With this fresh infusion of capital, Ashanti was ready for an ambitious program of expansion and modernization. In 1986, the company's first Ghanaian CEO, Sam Jonah, was appointed. He embarked on a major overhaul of company operations. While the company's headquarters had been in Accra for twelve years, much of the planning and budgeting was still carried out by consultants in the London office. Jonah transferred these duties to Ghana, keeping the staff geographically close to the mine site. Communications between management and line workers was improved, wages for mine workers were raised, and the company began the community renewal plan that is now a hallmark of all its operations throughout Africa. Ashanti purchased new equipment for mining surface oxides and commissioned a heap leach (a low-cost method of extracting ores) facility in 1990, and the company built an oxide treatment plant in 1991. This project established the Obuasi mine as the largest surface mining operation in Africa and the mine as a whole became one of the top five in the world. Gold production reached record highs, increasing by 25 percent. Loans from the International Finance Corporation (IFC) helped the company launch its Ashanti Mines Expansion Program, allowing it to take advantage of highly profitable, lower grade underground gold resources.
Growth and Renewal
Holder of the majority of Ashanti shares, the Ghanaian government in 1994 announced its plan to sell 17.9 million shares—a full half of its 55 percent stake—in a share flotation on the London and Ghana stock exchanges. The company reserved 1.2 million shares exclusively for Ghanaians, and each of Ashanti's employees received five free shares. In 1996, Ashanti became the first African-operated company to list on the New York Stock Exchange. The capital raised by these two flotations (the London IPO alone was worth $454 million) allowed the company to pay its debts to the IFC and begin its expansion in Ghana and in other African nations. By the end of the 1990s, in addition to the original mine in Obuasi, Ashanti operated the Ayanfuri, Bibiani, and Iduapriem mines in Ghana, the Siguiri mine in Guinea, and the Freda-Rebecca Mine in Zimbabwe. The nineties also saw Ashanti expanding its links with the communities where its mines are located. Beginning in 1990–91, the company supplied water resources such as hand pumps, boreholes, and hand-dug wells for the Obuasi township and 137 smaller villages and townships. Ashanti also undertook projects to bring electricity to villages without it and to build schools for the families of its staff.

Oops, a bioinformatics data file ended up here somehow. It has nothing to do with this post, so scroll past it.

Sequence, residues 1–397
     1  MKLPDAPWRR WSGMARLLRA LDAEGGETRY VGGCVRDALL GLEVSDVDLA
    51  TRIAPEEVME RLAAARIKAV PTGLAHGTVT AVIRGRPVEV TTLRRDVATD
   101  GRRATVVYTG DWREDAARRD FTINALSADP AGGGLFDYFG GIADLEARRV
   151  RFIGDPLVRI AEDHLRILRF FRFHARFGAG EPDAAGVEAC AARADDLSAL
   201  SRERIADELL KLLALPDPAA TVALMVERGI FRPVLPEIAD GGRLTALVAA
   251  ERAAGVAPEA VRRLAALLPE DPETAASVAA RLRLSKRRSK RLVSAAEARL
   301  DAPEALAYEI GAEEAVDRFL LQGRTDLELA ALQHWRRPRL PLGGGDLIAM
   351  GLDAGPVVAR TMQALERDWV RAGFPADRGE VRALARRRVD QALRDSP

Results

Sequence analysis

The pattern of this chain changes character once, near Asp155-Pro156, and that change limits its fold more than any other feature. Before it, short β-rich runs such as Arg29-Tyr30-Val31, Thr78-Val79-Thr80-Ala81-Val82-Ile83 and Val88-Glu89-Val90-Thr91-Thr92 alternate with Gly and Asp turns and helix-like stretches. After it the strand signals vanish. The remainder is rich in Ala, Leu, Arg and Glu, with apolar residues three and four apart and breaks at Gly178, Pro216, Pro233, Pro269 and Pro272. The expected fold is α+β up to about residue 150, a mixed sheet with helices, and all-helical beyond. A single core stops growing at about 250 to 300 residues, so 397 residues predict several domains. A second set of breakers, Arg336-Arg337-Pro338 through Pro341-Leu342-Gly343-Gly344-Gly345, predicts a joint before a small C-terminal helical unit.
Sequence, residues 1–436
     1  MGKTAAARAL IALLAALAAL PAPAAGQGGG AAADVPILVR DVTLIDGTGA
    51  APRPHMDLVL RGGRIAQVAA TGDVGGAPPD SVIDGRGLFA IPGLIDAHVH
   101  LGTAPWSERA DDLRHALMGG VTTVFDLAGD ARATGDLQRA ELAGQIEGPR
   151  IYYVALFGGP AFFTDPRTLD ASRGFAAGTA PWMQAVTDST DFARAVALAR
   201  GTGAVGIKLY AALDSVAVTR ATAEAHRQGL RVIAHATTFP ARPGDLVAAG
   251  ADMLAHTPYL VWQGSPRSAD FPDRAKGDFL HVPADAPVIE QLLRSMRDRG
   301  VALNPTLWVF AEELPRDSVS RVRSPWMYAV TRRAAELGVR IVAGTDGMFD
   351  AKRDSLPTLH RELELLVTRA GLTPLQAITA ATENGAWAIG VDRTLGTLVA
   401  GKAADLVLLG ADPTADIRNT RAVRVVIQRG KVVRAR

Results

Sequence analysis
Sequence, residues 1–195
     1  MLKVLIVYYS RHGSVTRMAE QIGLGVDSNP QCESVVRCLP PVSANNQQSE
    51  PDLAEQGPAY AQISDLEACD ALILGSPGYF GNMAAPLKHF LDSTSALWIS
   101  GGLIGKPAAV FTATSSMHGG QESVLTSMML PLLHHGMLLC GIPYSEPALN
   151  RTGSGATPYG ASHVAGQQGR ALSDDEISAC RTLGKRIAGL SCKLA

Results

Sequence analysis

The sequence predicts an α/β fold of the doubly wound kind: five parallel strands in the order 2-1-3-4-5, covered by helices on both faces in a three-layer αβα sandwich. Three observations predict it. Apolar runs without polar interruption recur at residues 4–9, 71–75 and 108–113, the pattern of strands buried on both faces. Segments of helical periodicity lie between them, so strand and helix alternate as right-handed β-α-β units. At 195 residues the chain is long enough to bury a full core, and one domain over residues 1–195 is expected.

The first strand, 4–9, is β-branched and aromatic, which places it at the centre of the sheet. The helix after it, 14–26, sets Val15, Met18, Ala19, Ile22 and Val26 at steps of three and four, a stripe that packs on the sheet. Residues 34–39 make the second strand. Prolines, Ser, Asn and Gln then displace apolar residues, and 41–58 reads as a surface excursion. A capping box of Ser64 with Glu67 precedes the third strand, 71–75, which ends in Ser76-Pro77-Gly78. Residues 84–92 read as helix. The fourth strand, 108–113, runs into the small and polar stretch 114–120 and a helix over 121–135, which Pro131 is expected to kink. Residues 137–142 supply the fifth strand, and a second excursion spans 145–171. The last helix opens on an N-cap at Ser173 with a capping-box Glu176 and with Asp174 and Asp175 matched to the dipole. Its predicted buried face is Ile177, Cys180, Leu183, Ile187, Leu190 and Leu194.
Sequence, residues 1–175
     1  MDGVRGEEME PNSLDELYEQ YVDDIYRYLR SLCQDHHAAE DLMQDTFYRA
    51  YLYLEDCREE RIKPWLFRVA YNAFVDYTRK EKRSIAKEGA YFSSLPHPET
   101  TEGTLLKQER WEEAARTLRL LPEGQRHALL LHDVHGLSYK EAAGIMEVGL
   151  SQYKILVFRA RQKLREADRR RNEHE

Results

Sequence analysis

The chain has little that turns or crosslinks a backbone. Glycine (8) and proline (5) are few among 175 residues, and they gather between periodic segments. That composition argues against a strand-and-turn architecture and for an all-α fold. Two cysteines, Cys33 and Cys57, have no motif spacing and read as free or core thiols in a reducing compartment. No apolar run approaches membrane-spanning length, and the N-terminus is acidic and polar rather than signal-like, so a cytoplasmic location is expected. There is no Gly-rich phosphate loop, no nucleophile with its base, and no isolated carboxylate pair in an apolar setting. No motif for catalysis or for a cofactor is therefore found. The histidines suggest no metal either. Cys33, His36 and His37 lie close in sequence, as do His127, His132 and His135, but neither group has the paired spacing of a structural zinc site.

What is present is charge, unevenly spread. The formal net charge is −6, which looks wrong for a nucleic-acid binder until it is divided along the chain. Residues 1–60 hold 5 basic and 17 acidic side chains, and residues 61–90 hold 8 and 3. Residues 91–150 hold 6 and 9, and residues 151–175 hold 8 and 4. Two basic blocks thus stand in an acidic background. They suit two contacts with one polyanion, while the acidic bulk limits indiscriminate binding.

Into the New Millennium
A well-publicized crisis at the end of the nineties nearly spelled disaster for the company. The price of gold rose dramatically in September of 1999. The company had outstanding hedge contracts, and the rise in gold price exposed the company to possible margin calls on these contracts. Ashanti's credit lines were frozen. The freeze resulted in a shortfall of capital, which put in danger the completion of the Geita mine in Tanzania, slated for opening in 2000. Ashanti successfully resolved these problems, however, by negotiating a period of margin-free trading and a $100 million bridge facility to finance completion of the Geita mine. Geita opened in August of 2000, three months ahead of schedule, and was the largest gold mine in Tanzania.
Ashanti reported a gold production of 1.74 million ounces for the year 2000—a record for the company, despite its recent difficulties and the cessation of surface mining operations at Obuasi. In 2001, the company's future plans included further expansion in Africa, including operations in the Ivory Coast and the Congo. In his remarks at the Indaba Conference in Cape Town, South Africa, in February 2001, Jonah acknowledged the difficulties of the past and expressed pride in the company's recovery. "We were able to keep focus, despite some particularly choppy waters," he said. "And I am confident we can continue to do so as we train our eyes further out into the future."
Principal Subsidiaries:Ashanti Goldfields (Ayanfuri) Limited; Ashanti Goldfields (Bibiani) Limited; Ghanaian-Australian Goldfields Limited (80%); Societe Ashanti Goldfields de Guinee S.A. (Guinea) (85%); Ashanti Goldfields Tanzania Limited (Tanzania); Ashanti Goldfields Zimbabwe Limited (Zimbabwe); Ashanti Treasury Services Limited (Isle of Man).
Principal Competitors:Barrick Gold Corporation; Newmont Mining Corporation; Placer Dome, Inc.